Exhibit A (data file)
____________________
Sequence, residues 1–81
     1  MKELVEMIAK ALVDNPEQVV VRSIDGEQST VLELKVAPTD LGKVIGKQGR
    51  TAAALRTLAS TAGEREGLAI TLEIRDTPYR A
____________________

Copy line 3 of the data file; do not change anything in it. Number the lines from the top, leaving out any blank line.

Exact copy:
    51  TAAALRTLAS TAGEREGLAI TLEIRDTPYR A